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  • 1.  How do you deal with these letoff screws?

    Registered Piano Technician
    Posted 01-22-2022 11:14
      |   view attached
    Greetings all,
    Occasionally I come to a piano that has letoff screws like the one pictured below (a 1929 Knabe concert grand). Many designs have clearance above the screws, or set them at an angle, but not here. None of my tools will fit from above--how do you deal with situations like this? So far, the only way I've found is to use a long, thin letoff tool, but turning the screws that way is painfully slow. And if they're at just the wrong angle (which they usually are), there's no way to get the tool in. Especially at the end of a section.

    Any ideas?

    thanks!
    Scott

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    Scott Cole, RPT
    rvpianotuner.com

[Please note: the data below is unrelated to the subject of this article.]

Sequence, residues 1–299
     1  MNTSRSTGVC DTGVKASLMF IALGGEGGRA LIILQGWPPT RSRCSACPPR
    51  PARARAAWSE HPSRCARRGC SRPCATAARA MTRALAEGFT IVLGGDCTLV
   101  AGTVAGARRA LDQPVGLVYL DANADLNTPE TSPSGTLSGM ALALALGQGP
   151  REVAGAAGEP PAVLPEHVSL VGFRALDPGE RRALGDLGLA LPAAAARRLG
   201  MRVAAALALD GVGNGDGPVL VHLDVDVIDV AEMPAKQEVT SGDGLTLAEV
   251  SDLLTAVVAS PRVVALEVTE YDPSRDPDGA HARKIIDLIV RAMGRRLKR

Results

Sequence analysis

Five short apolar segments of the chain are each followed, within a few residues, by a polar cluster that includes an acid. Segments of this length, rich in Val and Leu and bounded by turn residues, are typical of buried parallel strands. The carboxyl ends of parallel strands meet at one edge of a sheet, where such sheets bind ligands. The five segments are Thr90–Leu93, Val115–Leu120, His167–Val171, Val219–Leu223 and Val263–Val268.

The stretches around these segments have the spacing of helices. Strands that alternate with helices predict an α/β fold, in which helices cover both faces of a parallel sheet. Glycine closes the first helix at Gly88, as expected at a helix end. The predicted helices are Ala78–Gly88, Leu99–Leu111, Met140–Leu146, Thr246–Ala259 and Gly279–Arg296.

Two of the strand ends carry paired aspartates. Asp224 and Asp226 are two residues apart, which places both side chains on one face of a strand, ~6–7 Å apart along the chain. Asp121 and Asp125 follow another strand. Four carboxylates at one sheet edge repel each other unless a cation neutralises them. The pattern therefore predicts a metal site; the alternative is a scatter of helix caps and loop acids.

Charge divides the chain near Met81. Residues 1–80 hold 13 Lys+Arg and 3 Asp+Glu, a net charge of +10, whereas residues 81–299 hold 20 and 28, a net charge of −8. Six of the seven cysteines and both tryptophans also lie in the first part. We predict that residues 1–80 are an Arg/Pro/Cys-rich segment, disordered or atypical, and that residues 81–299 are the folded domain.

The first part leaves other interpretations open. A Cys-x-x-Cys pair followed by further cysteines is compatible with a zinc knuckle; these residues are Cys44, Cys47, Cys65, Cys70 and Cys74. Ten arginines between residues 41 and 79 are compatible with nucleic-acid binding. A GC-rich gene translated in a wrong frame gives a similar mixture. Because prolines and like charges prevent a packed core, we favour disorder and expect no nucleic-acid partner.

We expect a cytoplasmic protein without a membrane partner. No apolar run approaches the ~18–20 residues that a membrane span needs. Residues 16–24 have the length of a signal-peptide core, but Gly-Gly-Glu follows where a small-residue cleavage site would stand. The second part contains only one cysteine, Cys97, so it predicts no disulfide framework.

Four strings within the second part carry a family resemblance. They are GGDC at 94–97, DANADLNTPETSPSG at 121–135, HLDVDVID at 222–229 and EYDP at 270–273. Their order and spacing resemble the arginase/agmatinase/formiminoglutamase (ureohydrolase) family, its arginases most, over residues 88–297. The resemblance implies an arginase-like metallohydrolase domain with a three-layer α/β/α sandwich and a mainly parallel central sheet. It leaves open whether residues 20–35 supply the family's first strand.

Talent, OR
    (541-601-9033
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  • 2.  RE: How do you deal with these letoff screws?

    Registered Piano Technician
    Posted 01-22-2022 11:36
    I have used a Hart spring tool, or a stiff wire bent at nearly 90 degrees about 3-4 mm from the end. I also have a couple home made capstan wrenches (nail in the end of a dowel of different diameters) that work fairly well for the purpose.

    If I need to do a lot of turning, and it is pretty consistent (a full turn up, for instance), I'll remove the rail, do that turning wholesale, then put it back and touch up.
    Regards,
    Fred Sturm
    "We either make ourselves happy or miserable. The amount of work is the same." - Carlos Casteneda






  • 3.  RE: How do you deal with these letoff screws?

    Registered Piano Technician
    Posted 01-22-2022 11:40
    I have also used the end of a capstan tool, it the tip is thin enough to fit. The choice of straight and angled ends has always let me access the eye so that I can turn it no matter what position it starts in.

    Kathy




  • 4.  RE: How do you deal with these letoff screws?

    Registered Piano Technician
    Posted 01-22-2022 13:27